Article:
hey thanks again linse for explaining it to me! Really didnt know bout all these photo-printers stuff before. Alright, guess i got my answer, thanks!
15th December 2003, 09:55 PM
Printing a photo using a consumer printer is a task full of hassles. You must first ensure that you are using the correct type of paper (I hope you do understand that you need to use photo paper to print photographs?) The 1200x2400dpi mode is achieveable only when photo paper is used. Another thing to note that because the screen and the printer uses different color spaces (sRGB vs CMYK), there's bound to be some mismatch of colors unless it's calibrated to each other. A photo resolution of 300 dpi is more than enough to print a picture with the HP840C.
I suspect you may be talking about noise rather than pixelation, because pixelation occurs throughout the whole picture rather than just skin tones and white walls...but then again I may be wrong. Pixelation is when details and definition is lost due to low resolution (jagged edges), whereas noise is unwanted, random pixels appearing in the picture.
As for the HP840C printer, it does use the black catridage to print true black, instead of mixing cyan, magenta and yellow, although it does quite an amaturish job for it. The greenish cast may be due to the wrong color balance set in the camera--pictures turn out greenish when taken under florescent lighting without the correct color balance.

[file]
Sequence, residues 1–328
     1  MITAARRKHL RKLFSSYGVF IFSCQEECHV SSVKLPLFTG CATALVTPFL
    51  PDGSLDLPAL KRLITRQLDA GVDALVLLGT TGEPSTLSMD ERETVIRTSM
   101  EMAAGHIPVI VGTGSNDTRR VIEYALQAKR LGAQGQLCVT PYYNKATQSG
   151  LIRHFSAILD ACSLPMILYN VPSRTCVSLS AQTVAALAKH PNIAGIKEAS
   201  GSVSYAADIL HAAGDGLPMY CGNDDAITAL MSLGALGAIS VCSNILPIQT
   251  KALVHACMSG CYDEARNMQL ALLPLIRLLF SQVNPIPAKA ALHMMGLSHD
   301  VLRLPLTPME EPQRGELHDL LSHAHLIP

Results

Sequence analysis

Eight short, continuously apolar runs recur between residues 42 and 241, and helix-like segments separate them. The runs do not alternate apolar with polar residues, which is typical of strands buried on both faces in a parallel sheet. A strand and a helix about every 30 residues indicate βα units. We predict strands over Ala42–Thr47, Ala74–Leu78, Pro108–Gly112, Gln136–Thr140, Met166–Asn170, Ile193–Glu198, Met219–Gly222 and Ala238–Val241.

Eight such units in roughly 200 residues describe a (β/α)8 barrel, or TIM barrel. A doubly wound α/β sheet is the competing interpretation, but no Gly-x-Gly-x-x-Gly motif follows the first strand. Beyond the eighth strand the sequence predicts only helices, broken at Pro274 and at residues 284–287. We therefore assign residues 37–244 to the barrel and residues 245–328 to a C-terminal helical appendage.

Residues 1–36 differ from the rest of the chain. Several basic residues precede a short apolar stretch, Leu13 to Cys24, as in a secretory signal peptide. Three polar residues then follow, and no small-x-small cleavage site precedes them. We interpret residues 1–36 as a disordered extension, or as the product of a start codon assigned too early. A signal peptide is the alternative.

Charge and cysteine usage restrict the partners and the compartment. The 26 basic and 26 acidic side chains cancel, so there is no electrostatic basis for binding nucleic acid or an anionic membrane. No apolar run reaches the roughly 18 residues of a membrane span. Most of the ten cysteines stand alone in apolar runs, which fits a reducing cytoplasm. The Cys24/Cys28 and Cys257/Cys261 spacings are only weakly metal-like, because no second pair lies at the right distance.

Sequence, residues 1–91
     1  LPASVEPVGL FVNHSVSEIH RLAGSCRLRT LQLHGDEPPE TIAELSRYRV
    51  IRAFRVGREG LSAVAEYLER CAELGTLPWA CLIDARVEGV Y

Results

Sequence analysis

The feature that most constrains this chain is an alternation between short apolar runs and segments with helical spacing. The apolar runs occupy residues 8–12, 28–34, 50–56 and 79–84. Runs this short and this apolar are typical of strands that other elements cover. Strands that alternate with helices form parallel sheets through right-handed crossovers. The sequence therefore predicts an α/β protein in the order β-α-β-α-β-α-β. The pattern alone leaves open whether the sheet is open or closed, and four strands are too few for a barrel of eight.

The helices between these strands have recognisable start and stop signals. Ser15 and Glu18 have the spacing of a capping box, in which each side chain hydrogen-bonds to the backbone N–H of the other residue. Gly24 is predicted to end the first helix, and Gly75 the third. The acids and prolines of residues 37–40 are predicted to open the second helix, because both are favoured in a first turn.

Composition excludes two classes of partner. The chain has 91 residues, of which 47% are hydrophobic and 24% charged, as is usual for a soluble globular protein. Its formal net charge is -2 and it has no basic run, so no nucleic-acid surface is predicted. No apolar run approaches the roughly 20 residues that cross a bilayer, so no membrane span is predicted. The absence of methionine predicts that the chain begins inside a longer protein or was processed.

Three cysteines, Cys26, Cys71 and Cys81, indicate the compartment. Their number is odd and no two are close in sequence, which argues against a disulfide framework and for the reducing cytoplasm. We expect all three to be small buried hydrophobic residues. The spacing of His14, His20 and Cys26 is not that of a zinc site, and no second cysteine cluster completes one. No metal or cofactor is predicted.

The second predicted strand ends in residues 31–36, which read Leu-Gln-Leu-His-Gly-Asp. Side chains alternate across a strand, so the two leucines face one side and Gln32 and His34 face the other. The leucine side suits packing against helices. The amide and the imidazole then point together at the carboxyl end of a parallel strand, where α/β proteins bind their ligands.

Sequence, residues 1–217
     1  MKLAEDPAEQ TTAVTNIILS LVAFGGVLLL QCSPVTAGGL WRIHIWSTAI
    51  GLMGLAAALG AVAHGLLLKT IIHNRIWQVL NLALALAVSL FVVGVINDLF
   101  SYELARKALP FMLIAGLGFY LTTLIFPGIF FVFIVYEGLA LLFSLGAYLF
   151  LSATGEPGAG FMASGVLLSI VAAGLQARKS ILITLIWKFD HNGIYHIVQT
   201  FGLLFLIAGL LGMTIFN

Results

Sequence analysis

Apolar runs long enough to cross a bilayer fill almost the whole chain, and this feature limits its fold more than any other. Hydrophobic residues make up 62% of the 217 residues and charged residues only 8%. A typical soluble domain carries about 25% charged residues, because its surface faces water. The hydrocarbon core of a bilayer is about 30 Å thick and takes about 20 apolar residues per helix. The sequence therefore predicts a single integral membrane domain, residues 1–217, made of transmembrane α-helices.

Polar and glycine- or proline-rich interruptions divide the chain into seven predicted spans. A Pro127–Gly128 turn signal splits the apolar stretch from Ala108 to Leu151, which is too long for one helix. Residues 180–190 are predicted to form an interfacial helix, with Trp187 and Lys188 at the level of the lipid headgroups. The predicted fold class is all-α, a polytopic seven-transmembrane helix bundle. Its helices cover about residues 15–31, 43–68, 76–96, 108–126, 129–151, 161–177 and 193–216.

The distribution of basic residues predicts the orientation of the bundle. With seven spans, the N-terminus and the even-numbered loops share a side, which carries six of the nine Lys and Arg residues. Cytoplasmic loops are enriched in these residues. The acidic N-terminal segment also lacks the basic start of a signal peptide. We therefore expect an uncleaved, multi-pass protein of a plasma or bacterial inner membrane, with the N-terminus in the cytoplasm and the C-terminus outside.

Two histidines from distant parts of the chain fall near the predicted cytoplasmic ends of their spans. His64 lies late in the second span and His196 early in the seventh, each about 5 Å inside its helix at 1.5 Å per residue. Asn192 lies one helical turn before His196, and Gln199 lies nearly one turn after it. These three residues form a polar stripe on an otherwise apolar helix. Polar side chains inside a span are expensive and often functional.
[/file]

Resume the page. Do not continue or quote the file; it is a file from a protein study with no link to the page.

15th December 2003, 11:45 PM
Ah Pao, I think you're right. I was misled into thinking the true resolution of the 840c is 600dpi from this hp website http://h20015.www2.hp.com/hub_search...cName=bud07462 I must admit, my last HP printer is a few generations older than the 840c.
However, sounds like it is not "true" 2400 x 1200 dpi though. HP's Color Layering Technology must be overlapping the ink droplets at 600 dpi to claim a the higher resolution, hence the need for special paper to prevent ink bleeding.
Anyway phantasia, to answer your question on why "the dpi on inkjets is different from the dpi tat's mentioned in dye-sumblimed printers or outside professional printers?"
Assuming the 840c resolution is 600 dpi for non-premium photo paper, I believe it will be inferior to the 300 dpi resolution of Fuji Frontier printers. That's because each "pixel" in a Fuji print has a wide gamut of thousands shades of colours. Whereas for inkjets, it will take a cluster of ink dots to fool the eye into think it is a particular shade of colour. That's why very few printers can beat digital prints from the lab. One of the few, the professional Epson 2200 printer needs a resolution of 2880 x 1440 and special inks to have a wider gamut of colour than Fuji's 300 dpi prints. It's a bit like why the 3 megapixel images from the Foveon sensors can match the resolution from the other 6 megapixel SLRs.
In that case, the "pixelation" which is more obvious on skin and white walls is due to inadequate colour gamut or colour depth. It is like when you try to save a photo in GIF format which only has 256 shades of colours instead of the thousands in JPEG. Or when save JPEGs under high compression ratios.
FYI, I do not plan on buying another photo printer as the cost of the printer, prints, ink and paper will never be cheaper than the 30 cents I currently pay for 4R prints. Larger prints will be cheaper, but have you seen the prices of A3 photo printers?
16th December 2003, 10:27 AM